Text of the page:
Also called just ‘portal’, a web portal is a single access point to information amassed from various sources. A typical modern portal will offer features such as an online search engine, a digital newspaper kiosk, discussion boards, free communication tools (email and online chat), etc. Simply put, it is an Internet gateway that serves as a starting point to access most of what the web offers.
Registered users can access appropriate or personalized information – in terms of the information, user interface design, color, etc. The registered area is one of the web portal components. For instance, email is among Google’s several portal-based services.
Examples of Web Portals
Search engines presenting multimedia content such as MP3 and movies, best deals sites, social sites that integrate games and apps, etc. are types of web portals. Yahoo, one of the most popular web destinations, is a prime example of a modern web portal. Besides offering e-mail, it also provides search features, news, entertainment options, stock-monitoring tools, to name a few.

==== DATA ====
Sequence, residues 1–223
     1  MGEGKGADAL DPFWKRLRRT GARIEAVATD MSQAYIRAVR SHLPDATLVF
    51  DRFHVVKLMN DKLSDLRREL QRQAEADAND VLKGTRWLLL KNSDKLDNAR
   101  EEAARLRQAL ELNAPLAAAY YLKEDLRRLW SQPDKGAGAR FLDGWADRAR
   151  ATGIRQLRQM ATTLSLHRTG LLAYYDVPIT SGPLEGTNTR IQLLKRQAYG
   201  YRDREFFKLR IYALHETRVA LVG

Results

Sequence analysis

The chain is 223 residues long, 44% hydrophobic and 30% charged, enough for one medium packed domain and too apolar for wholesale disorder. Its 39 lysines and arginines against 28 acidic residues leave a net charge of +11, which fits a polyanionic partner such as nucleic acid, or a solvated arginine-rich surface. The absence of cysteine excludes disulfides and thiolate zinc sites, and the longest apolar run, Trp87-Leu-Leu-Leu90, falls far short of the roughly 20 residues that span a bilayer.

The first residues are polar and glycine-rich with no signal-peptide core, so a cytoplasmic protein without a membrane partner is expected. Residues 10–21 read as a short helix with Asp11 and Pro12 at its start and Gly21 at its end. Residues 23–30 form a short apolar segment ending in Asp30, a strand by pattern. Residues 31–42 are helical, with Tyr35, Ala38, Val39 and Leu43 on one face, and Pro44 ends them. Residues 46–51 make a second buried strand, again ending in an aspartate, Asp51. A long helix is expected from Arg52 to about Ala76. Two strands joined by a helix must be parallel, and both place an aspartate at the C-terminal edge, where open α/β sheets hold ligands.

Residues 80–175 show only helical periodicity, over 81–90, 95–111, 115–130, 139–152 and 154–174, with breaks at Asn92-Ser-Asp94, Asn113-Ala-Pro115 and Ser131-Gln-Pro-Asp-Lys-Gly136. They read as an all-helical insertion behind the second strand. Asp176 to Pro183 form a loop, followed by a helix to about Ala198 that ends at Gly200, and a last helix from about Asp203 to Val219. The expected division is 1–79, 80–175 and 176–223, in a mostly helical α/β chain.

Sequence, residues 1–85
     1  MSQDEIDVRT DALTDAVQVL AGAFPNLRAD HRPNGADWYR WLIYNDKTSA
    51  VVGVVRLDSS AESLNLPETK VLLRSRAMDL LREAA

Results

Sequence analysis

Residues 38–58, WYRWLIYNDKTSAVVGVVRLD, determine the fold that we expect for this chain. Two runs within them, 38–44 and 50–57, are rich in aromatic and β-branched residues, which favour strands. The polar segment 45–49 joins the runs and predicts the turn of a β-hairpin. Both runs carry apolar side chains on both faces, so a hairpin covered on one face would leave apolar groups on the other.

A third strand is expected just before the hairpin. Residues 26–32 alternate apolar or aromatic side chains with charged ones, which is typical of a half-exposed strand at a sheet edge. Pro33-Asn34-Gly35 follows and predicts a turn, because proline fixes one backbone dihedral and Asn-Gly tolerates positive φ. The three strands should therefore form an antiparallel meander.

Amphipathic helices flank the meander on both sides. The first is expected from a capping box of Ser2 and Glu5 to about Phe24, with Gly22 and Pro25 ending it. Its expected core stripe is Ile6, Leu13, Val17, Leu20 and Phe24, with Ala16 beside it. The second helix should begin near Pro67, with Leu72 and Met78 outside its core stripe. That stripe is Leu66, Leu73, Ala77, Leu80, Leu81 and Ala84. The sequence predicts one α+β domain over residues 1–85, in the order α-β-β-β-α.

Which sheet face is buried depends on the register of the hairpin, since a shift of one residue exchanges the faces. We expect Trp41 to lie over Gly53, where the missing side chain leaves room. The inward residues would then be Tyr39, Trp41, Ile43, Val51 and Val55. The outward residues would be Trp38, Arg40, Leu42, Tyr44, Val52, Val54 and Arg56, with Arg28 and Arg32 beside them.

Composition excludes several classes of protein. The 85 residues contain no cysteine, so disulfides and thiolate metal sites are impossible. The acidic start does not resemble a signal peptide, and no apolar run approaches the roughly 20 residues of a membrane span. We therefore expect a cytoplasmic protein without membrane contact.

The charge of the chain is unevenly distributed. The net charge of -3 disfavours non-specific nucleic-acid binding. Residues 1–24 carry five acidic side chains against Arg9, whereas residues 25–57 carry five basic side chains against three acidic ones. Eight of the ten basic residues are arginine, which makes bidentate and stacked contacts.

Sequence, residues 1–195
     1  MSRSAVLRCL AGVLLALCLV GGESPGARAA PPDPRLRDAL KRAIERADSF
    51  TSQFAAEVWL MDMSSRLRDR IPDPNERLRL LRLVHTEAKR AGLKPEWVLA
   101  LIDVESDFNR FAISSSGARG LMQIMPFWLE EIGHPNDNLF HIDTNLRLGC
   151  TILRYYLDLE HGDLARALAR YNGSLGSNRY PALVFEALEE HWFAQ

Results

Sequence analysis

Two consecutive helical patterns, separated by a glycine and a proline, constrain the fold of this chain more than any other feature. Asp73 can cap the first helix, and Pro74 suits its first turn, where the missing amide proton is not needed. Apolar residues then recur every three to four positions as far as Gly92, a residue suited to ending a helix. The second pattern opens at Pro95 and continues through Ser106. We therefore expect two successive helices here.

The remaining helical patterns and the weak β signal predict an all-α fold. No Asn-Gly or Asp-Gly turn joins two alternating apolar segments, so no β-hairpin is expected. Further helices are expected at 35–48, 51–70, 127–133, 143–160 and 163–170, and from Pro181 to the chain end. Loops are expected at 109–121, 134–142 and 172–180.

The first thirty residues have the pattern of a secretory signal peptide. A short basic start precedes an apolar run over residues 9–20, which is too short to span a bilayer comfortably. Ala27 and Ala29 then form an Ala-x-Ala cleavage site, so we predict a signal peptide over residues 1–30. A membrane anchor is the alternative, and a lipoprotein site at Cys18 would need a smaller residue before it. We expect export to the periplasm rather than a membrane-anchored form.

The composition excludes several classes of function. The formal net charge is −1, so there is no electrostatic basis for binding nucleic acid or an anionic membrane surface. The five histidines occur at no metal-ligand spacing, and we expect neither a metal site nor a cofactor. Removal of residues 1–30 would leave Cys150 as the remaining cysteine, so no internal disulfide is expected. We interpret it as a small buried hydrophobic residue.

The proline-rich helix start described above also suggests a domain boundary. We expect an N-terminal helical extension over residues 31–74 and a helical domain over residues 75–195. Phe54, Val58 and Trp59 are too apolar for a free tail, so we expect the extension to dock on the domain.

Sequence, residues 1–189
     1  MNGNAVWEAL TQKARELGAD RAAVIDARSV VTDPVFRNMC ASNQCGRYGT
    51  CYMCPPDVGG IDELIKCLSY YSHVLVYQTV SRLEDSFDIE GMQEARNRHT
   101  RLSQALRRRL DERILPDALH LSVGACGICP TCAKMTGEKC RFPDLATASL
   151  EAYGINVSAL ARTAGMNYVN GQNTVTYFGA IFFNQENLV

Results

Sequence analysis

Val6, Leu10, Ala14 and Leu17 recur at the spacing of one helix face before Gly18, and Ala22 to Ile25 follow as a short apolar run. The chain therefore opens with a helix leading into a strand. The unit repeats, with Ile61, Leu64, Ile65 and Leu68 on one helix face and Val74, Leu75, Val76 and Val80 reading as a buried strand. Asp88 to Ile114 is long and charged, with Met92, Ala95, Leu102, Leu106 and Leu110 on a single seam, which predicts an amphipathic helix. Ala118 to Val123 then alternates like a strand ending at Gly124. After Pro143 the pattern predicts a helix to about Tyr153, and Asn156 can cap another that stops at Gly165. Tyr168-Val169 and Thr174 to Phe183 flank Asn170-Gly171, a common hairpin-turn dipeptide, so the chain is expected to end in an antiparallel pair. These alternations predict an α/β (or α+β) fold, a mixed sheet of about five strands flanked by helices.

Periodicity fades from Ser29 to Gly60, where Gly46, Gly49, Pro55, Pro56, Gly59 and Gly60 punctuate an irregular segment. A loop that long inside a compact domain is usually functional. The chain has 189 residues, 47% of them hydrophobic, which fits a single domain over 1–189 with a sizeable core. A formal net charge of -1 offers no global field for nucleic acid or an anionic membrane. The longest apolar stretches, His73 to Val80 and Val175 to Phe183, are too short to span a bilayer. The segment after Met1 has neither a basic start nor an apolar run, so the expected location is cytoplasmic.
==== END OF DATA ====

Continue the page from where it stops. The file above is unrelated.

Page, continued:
History and Evolution
Web portals were not always organized. Simple Internet navigation and search sites were considered portals back in the day. Sites such as Yahoo, MSN, AOL, Infoseek, etc. represented the next level of portals. These sites offered a wide array of functionalities, but navigation and search were still their pivotal offerings.
Web portals have matured ever since their origins and can be categorized as enterprise portals, market space portals, corporate portals, workspace portals, knowledge portals, horizontal portals, vertical portals, etc.